Researchers are developing a predictive model to help NASA anticipate conflicts and communication breakdowns among crew members and head off problems that could make or break the Mission to Mars. Highlights: Space exploration analogs in US, Russia offer rare opportunity to study teams in isolation, confinement; Mars crew will likely experience decline in creative thinking, problem solving; predictive model may allow NASA to foresee, address team problems before they arise.
Queen Mary University of London has led a study which describes the first direct measurement of how energy is transferred from the chaotic electromagnetic fields in space to the particles that make up the solar wind, leading to the heating of interplanetary space.
Measurements of gravitational waves from ~50 binary neutron stars over the next decade will definitively resolve an intense debate over how fast our universe is expanding, find an international team including UCL and Flatiron Institute cosmologists.
The heaviest vehicle to successfully land on Mars is the Curiosity Rover at 1 metric ton, about 2,200 pounds. Sending more ambitious robotic missions to the surface of Mars, and eventually humans, will require landed payload masses in the 5- to 20-ton range. To do that, we need to figure out how to land more mass. That was the goal of a recent study.
A team of researchers repurposed navigational sensors aboard NASA's Curiosity rover, enabling the scientists to measure gravity on the lower slopes of Mount Sharp, a peak that rises from the center of Gale Crater. The results suggest that these rock layers are much less dense than predicted, calling into question a competing theory that Gale Crater was once completely filled with sediment then later excavated by erosion, leaving only Mount Sharp behind.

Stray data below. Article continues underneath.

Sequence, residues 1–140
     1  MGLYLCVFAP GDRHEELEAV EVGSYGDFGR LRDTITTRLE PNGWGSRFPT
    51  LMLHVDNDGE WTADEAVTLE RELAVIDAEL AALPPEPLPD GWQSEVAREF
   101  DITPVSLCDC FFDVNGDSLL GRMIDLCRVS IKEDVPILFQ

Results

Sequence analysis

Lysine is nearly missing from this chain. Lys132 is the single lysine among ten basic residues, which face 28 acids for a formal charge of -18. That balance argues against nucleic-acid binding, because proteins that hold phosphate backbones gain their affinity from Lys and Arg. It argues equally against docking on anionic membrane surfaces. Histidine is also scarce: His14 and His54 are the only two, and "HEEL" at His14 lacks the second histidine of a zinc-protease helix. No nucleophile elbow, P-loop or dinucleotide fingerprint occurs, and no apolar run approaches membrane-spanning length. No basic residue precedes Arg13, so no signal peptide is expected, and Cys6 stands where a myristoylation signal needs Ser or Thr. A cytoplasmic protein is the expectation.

Scientists have charted the environment surrounding a stellar-mass black hole that is 10 times the mass of the Sun using NASA's Neutron star Interior Composition Explorer (NICER) aboard the International Space Station.
MIT engineers have now developed an algorithm that lets AUVs weigh the risks and potential rewards of exploring an unknown region. For instance, if a vehicle tasked with identifying underwater oil seeps approached a steep, rocky trench, the algorithm could assess the reward level (the probability that an oil seep exists near this trench), and the risk level (the probability of colliding with an obstacle), if it were to take a path through the trench.
On Jan. 4, 2019, at 4:37 a.m. EST the CAPER-2 mission launched from Norway. The rocket flew through active aurora borealis, or northern lights, to study the waves that accelerate electrons into our atmosphere.
Scientists from The Australian National University (ANU) have used new space technology to predict droughts and increased bushfire risk up to five months in advance.
Should regulations for environmental protection be valid beyond our solar system? Currently, extra-terrestrial forms of life are only deemed worth protecting if they can be scientifically investigated. But what about the numerous, presumably lifeless planets whose oxygen atmospheres open up the possibility of their settlement by terrestrial life forms? Theoretical physicist Claudius Gros from Goethe University has taken a closer look at this issue.